George W. Bush photo

Remarks at a Celebration of Women's History Month and International Women's Day

March 10, 2008

Thank you all. Thank you all. Please be seated. Welcome to the White House for this celebration of Women's History Month and International Women's Day. And we're glad you're here.

Every March, people around the world recognize accomplishments of strong, fearless women. I see a lot of many strong, fearless women in this room. [Laughter] And I feel right at home. After all, I was raised by one, and I married one. [Laughter]

My advice to the next President is to surround him or her—[laughter]—with strong, fearless women. That's what I've done. People have served—as Laura mentioned, people serving in senior positions in my administration have made great contributions to our country, people like Secretary Rice, Secretary Chao, Secretary Peters, Secretary Spellings, Trade Representative Schwab, White House spokesman Dana Perino.

Every March, people around the world surround him or her—[laughter]—with recognize accomplishments of strong, fear-strong, fearless women. That's what I've less women. I see a lot of many strong, done. People have served—as Laura mentioned, people serving in senior positions in my administration have made great contributions to our country, people like Secretary Rice, Secretary Chao, Secretary Peters, Secretary Spellings, Trade Representative Schwab, White House spokesman Dana Perino.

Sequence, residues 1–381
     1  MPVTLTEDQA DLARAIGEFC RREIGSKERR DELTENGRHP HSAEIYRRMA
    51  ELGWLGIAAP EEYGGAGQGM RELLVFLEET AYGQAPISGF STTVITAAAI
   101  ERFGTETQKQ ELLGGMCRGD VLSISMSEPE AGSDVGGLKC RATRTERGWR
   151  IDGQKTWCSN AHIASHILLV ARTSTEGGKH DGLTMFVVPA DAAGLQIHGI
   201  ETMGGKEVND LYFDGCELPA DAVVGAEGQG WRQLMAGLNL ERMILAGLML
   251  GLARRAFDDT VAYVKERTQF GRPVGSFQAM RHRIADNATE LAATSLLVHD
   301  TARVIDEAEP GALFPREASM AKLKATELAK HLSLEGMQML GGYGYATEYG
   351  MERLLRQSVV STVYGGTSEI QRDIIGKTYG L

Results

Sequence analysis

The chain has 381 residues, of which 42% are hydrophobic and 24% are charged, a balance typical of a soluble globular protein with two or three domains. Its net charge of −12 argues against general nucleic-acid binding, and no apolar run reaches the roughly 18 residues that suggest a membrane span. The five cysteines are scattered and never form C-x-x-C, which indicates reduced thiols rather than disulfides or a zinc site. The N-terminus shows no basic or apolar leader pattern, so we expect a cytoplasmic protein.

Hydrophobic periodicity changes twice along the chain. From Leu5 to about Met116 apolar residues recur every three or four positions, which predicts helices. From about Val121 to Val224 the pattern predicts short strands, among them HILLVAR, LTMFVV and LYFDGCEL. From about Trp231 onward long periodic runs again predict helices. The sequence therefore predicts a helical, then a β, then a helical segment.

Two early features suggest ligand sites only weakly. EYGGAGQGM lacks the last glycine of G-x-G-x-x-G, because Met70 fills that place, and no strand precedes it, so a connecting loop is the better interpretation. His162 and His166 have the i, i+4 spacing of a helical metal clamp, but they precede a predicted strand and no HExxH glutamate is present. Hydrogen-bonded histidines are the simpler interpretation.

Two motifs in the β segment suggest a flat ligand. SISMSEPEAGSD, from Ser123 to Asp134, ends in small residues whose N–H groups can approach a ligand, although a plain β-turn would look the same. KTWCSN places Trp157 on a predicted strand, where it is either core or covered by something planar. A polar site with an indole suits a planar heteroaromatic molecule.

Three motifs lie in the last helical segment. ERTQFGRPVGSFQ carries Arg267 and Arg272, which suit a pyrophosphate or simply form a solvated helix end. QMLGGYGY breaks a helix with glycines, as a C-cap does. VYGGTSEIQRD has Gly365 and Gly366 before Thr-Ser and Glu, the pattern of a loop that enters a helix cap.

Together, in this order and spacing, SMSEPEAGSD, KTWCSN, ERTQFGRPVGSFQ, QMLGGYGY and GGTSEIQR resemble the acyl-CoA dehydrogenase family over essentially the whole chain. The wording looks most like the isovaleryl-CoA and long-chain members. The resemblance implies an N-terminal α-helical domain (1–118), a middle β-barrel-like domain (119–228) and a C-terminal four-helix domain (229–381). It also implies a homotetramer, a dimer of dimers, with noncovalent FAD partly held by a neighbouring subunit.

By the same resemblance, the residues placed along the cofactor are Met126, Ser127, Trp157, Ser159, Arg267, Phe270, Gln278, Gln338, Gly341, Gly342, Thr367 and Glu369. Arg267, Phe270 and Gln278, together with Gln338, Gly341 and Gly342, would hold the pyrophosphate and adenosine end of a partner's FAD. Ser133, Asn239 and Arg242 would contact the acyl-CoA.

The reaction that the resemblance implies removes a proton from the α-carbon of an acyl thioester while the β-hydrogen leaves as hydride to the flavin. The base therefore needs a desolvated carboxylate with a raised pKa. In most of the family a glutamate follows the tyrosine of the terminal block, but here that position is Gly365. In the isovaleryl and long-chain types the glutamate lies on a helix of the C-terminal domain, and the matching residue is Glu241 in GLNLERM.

We've got a lot of strong women throughout our Government, and that's the way it should be. And it's made my job a lot easier, and I appreciate them serving our country with such class and dignity.

I too welcome the Members of the United States Congress. Thank you all for coming. We're honored you're here. Thanks for serving.

Members of the diplomatic corps—Laura and I had a opportunity to meet representatives from our U.S. Armed Services who are here, and we've got representatives of the Army, Marine Corps, Navy, Air Force, and Coast Guard. Thank you all for coming. Thanks for wearing the uniform. Appreciate it.

Appreciate the members of the diplomatic corps joining us. And I too want to congratulate the recipients of the International Women of Courage Award. Thank you all for coming. Why don't we have our award winners stand up. [Applause] Yes, thank you all. Thank you all.

During Women's History Month, we honor the courage, foresight, and resolve of women who have strengthened our democracy: pioneers like Amelia Earhart, suffragists like Sojourner Truth, healers like Clara Barton, writers like Harriet Beecher Stowe. These women have helped our Nation live up to its ideals of liberty and justice for all. At the same time, they have changed the way America views its women, the way both men and women view America.

We take pride in the progress women have made here at home, and we know that millions of women abroad are still working to secure their basic rights. And as they do, the United States of America proudly stands with them. We do so because we know that liberty is the birthright of every person. And we do so because it's in our national interest. Societies where half the population is marginalized, or worse, are less likely to be prosperous and hopeful and more likely to become incubators for hateful ideologies.

So the United States is working to help build more hopeful and just societies for women. In Africa, our Emergency Plan for AIDS Relief, called PEPFAR, and our malaria initiative are saving millions from the disease that devastate women. Our Millennium Challenge Corporation provides microloans that help women start their own businesses. Our international education initiatives have trained thousands of teachers and have provided hundreds of thousands of scholarships to help girls go to school.